Having Enough To Do
Interestingly, concerns about “having enough to do” is an area where pre-retirees feel even less prepared than they are on the health care issue. Starting at Age 5, our lives are pretty structured:
- Go to school: Ages 5 – 18
- Go to college: Ages 18 – 22+
- Get a job: Ages 22 – ?
For the first time in our lives, retirees no longer have a pre-ordained structure to their day. That reality is both an excitement and a concern. WE are responsible, for the first time, to determine what we’re going to do, and how we’re going to fill our time. Only 13% of “us” have a very high confidence level that we’re prepared in the area of “having enough to do”.
What I’m Doing: My wife came up with an innovative idea, and we’re implementing it in this final year of my working career. Every week, each of us put a note (or two) in a jar we keep for the purpose. On the note is an activity that we’d like to do. It’s typically a low-cost idea, and it can be close to home. For example, she may put in “Kayak down the Toccoa River“, and I may put in “Hike on the Appalachian trail“. Neither of us knows what the other is putting in. After we retire, we’ll pull one note per week from the jar, and do that activity in the next 7 days. This will give us 2+ years of weekly activities, with an even mix of things “He Wants” and “She Wants” to do.Fill a jar with ideas of things to do, then pull out 1 per week and Do It! Click To Tweet
In addition to this, I’m still working on my (Not) 50 By 50 Bucket List. I need to write an update to that bucket list post, we’re generating some really great ideas for our retirement “dreams”, and enjoying the process of thinking about what we want our retirement to be. Spend time dreaming. Think about what you want to DO.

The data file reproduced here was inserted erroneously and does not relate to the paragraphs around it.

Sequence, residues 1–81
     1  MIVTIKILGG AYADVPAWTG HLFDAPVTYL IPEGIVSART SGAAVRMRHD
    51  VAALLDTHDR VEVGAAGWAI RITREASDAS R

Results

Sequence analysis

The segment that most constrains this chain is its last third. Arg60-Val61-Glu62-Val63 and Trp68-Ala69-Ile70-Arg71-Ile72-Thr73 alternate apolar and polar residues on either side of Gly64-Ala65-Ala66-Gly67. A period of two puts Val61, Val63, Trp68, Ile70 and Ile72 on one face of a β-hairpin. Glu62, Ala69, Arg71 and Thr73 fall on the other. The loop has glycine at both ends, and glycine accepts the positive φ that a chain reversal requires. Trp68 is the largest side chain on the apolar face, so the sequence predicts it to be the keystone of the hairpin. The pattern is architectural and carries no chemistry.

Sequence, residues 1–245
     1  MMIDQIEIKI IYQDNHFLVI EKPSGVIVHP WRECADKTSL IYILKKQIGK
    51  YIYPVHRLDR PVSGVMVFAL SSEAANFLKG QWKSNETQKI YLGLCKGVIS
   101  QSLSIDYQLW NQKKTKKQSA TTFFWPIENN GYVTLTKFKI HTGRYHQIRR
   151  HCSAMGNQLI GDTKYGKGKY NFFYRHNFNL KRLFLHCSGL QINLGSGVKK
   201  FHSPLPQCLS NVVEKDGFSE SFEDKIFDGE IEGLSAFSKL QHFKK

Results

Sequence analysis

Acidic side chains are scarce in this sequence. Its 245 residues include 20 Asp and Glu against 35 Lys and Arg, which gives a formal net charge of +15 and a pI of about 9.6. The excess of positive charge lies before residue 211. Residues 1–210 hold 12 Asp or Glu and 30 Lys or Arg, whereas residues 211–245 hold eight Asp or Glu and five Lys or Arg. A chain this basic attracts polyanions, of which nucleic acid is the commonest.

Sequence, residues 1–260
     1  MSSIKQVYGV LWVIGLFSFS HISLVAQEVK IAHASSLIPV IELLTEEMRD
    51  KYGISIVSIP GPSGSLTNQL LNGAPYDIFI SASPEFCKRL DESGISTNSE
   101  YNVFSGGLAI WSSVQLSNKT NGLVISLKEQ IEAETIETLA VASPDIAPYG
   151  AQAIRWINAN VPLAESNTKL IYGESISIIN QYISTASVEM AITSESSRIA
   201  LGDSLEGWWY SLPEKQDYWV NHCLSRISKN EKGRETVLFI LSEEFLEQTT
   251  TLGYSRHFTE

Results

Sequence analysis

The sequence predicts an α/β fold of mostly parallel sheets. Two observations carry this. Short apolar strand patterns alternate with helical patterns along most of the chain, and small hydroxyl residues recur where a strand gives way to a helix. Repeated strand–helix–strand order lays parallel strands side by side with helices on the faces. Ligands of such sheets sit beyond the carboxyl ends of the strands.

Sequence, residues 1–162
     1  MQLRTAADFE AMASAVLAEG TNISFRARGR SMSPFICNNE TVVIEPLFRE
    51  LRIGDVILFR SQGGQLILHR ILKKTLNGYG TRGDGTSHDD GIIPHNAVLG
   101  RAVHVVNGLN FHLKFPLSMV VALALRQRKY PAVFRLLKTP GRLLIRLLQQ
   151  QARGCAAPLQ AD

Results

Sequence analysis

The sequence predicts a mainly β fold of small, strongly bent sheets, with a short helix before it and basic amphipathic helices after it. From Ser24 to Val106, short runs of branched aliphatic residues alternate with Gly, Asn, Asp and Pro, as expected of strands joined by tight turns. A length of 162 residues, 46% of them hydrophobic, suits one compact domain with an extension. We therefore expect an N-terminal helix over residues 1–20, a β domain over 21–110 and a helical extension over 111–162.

Scoring even lower than both of the above (health care and activities) is social interaction, with only 6% of folks having a very high confidence level in their preparedness for this element in retirement.
A lot of folks get the majority of their social interaction through work, and many aren’t confident that they’ve prepared well for social interaction post-retirement. This one takes work, and it’s not easy. Friendships are a treasure. They take work (and time) to develop, and they fade if you don’t keep them watered. Plant some seeds, and water some roots.
What I’m Doing: My wife and I decided to move to our retirement town two years before we retired. We downsized from our house in the City and became Debt Free in the process. The “early move to retirement town” is giving us an opportunity to develop connections in our “new” small mountain community before we retire. We volunteer every Saturday at a local dog rescue, and we’re keeping watch for ways to get engaged throughout the community. I recently gave a Personal Finance presentation to a local Rotary group, which I’ll likely join post-retirement. (Thanks, Ed, for the invitation to speak – I appreciate our friendship). We’re also attending a local church, getting to know people, and looking for ways to get engaged. Be intentional, and start working on social interaction before you retire, with folks outside of work and near where you live.